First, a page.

When an individual is newly diagnosed, no matter what the person’s age, the impact on the family system can be significant.

If you are a parent of a child that has been diagnosed with a hypothalamic hamartoma, you may be seeking how to support your child.  You may be seeking what is the recommended wording on how to inform and educate all children in the family about the diagnosis. Understanding how to support oneself as a caregiver, spouse, or even the person receiving the diagnosis will be important to the entire family system that is being challenged by the diagnosis. The following information and suggestions are offered for each member of the family:

When a loved one is diagnosed with a hypothalamic hamartoma, after the initial search to educate and understand the condition has passed, the entire family system may be challenged with finding their new “normal.”  This is especially so for a family in need of care for a highly affected individual.  Caring for a highly affected individual with a hypothalamic hamartoma will include the fullest teams of medical, educational, and adult care. While doctors and other team professionals are the experts in their areas, the caregiver is often the expert of their love one. The caregiver is as important of a team member as all of the medical and educational experts.

When an individual is newly diagnosed, one way that families may cope with the diagnosis, is to research and become experts on the condition.  The search for information enables both the caregiver and individual with a hypothalamic hamartoma to feel a sense of control over the situation, and for some, it may eliminate fear. The individual, caregiver, and /or family may have a sense of loneliness and isolation when starting the journey.  Another way to cope is to build a support team of family and friends, while also sharing and recounting the experience. Hope for HH is always here to help inform, educate and support. Don’t forget Hope for HH provides the following opportunities to connect with others and stay informed:

When individuals are diagnosed as children, caregivers may struggle with what to say or how to answer the child’s questions.  It is recommended that the child’s questions be answered as honestly as possible, in an age-appropriate manner, with acknowledgement and empathy.  For example, “I know this sounds scary. Sometimes when kids have a tumor in their head that is not supposed to be there and causing problems, the doctors need to remove it.” For some children, explaining their journey to their friends is a helpful way of coping.  It’s helpful for the children to become a part of their team and when possible, give them choices about their treatment.  For example, have them help keep track of their seizures or challenging behaviors, either with sticker charts or other modes.  Another suggestion may be to perhaps have them identify their feelings about the situation on a scale from 1-10.  This may sound like, “You were pretty mad when that happened, what number would you give that feeling?” The key is to make them feel like they are involved at whatever level possible. For children with rage behaviors, this will obviously be much more challenging.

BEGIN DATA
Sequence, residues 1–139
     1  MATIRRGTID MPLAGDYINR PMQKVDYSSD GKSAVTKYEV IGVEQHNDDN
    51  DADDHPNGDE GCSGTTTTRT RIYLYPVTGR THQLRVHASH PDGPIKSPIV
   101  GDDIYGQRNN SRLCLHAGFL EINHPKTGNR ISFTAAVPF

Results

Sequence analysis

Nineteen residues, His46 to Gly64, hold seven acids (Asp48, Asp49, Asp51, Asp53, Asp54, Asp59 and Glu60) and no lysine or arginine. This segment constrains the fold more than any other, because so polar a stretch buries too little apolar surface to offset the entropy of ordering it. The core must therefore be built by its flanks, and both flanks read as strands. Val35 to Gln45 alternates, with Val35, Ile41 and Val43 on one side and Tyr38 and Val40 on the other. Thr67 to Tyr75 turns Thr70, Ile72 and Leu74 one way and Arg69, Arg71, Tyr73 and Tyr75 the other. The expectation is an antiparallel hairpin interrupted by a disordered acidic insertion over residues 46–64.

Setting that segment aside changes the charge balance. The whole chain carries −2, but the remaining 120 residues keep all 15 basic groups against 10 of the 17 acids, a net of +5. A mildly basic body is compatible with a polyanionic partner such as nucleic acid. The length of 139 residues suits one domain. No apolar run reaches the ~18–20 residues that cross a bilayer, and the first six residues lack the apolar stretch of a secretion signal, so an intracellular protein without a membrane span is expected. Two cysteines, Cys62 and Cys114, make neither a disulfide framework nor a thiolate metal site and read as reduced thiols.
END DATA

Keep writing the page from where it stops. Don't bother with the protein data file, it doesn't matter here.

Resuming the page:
When diagnosed as a young adult or adult, an initial goal is to understand their own symptoms and how to advocate for themselves. Often times, adults living with HH speak of fatigue, short-term memory loss, slow processing, and limited frustration tolerance as symptoms that often interfere with their day-to-day living.  Individuals with these symptoms will want to understand strategies and techniques that may help them improve their ability to endure living with these symptoms.  For example, a young adult may want to understand their Individual Education Plan and/or 504 Plan and what type of work or career path would be a realistic goal.  Many post-secondary schools offer assistance to individuals with educational accommodations to help advancement into the world of employment. A job coach or vocational assessment will be helpful in determining interests and realistic expectations.  For example, someone who is slow to process and easily fatigued, may not be capable of a long shift incapable of providing for breaks.